I couldn’t bare the thought of leaving him alone, afterall he was my son. I fought long and hard and I used every tool therapy taught me, and so I kept living. That is how my dog saved my life. 

Posted in Depression, Hope, PTSD, TWLOHA

My Story Part I

imageI remember the day like it was yesterday, December 16, 2008. It was a cold, dark, icy day and we rarely have those in North Texas. I lived alone in a scarcely decorated 550 square foot apartment in a borderline shady neighborhood. I awoke to a phone call from my older sister. Her voice was calm and caring, but I could hear how hard she was trying to keep it that way.

“Jose is in the hospital, he’s ok. He took an entire bottle of NyQuil and Excedrin PM, but I got him to the hospital in time. We’re okay. Be careful on your way here the roads are icy, I love you. He’s ok. The acetaminophen levels are really high so they are monitoring him but he’s ok.”

I fell to my knees and couldn’t breathe for what seemed like hours. Alone, afraid, iced in, and helpless. A million thoughts raced through my mind. “I should have been there, why wasn’t I there? I was just there 2 days ago. Why didn’t I stay just one more night?  She kept saying that word “okay”. What did that mean? How could anyone who tried to take their own life be ok?”  In that moment I was NOT okay and I wouldn’t be for a long long time.

My heart has never felt such pain both physically and emotionally, just pain followed by silence, numbness,and disbelief. I got down on my knees that dark December day and I prayed. I prayed to God to let my little brother live and that if he did, I would stop drinking and partying and I would commit to just being a good person for the rest of my life.

My little brother survived his attempt at suicide and he is alive and well today. However, that cold dark winter morning was just the beginning of my severe battle with depression. I didn’t know the heartbreaking news of that day would send me into a downward spiral, like a domino effect. I was not okay.

Anxiety, depression, these were not words I was very familiar with. I never considered myself to be any of those things. What did they mean? I didn’t know what was happening to me. I could see nothing but darkness.

The next few years would appear to be a blur. I did not keep my promise to God, I drank more. Bottle after bottle of wine or whatever was cheap. I quit my job or rather I was fired. I just stopped getting out of bed one day. The phone rang, I knew it was my boss but I didn’t answer. I wanted no connection to the outside world. I just wanted to be alone with my silence and my bottle of wine.

In the years to come I would fall further and further into depression, unable to find another job in such an unstable economy. It was the height of the recession and I lacked the confidence and direction to find a suitable job while my Bachelors Degree was collecting dust. I would fall into one destructive relationship after another. Never feeling true love. Never allowing anyone inside my walls. With each failed attempt I hurt slightly less. I was turning to stone.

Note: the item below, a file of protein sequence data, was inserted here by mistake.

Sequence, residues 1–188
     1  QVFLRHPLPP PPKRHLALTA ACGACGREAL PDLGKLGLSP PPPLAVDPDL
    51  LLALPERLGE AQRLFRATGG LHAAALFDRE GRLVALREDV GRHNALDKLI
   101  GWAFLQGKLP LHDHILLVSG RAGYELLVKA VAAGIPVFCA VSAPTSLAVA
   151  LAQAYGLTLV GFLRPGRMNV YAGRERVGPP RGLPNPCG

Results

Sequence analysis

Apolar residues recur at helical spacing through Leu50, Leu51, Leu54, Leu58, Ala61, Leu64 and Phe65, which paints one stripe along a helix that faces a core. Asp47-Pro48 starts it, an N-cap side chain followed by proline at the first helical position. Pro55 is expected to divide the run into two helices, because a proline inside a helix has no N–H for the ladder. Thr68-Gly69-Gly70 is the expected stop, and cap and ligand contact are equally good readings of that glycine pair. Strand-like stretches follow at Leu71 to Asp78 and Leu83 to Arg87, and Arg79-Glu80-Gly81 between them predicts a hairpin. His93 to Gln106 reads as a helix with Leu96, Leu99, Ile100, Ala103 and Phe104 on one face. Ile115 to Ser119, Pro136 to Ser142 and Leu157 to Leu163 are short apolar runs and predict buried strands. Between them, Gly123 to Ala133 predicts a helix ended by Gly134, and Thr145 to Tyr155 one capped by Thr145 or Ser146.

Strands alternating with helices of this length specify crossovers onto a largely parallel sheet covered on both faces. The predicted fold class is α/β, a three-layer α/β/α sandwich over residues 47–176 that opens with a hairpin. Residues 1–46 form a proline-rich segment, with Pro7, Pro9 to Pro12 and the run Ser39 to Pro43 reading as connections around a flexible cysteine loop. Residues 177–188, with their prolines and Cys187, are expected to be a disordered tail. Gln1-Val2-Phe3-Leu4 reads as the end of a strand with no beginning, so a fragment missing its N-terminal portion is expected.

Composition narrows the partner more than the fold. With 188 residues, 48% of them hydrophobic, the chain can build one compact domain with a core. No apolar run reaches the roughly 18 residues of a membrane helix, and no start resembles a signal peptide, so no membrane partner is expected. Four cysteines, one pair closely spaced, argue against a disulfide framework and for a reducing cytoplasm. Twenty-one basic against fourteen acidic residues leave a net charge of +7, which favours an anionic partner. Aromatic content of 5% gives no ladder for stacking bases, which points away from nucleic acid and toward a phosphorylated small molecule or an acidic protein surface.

And then it happened. I met the man of my dreams. My prince charming on a white horse who came to save me; or so I thought. He loved me instantly, deeply, and he gave me “hope.” Little did I know this man would change my life forever. Within a month of moving in together he completely changed. He was evil, controlling, abusive, and angry. He hated everything and everyone. He would take out his past relationship heartache on me. He called me names I didn’t deserve and inhibited me from leaving. That man ended up hurting me more than I could have ever imagined. I lost weight, I could barely eat or have enough energy to go to work. I was wasting away physically and emotionally. He saw a fragile little girl and he took my trust and love and he broke me down.

After a dozen failed attempts to pack up and leave while he was away, I finally found the courage to beg for my life, to beg him to let me be free. I don’t know why he had the change of heart, but one day he let me leave. The last thing he said to me was “I hope you never end up with a man like me again.”
That was 3 years ago and to this day I still see his awful face in my dreams. I still cry at movies filled with scandalous sex scenes and violence. Because of the PTSD I can rarely watch anything that isn’t a comedy or a cartoon. I  just stopped watching TV all together. For no reason at all sometimes I just burst into a full blown anxiety attack. It’s the worst feeling knowing you can breathe but in that moment your lungs just forgot how to work. Your heart is beating so fast that you think you are having a heart attack.

I struggle daily but I continue to find hope in reading other people’s stories. 

TWLOHA ( ) Taught me it’s ok NOT to be ok. Taught me that my past does not define me. My story continues, my struggle is real, and I just take it one day at a time.

This was originally written on January 12, 2014.  More updates to come.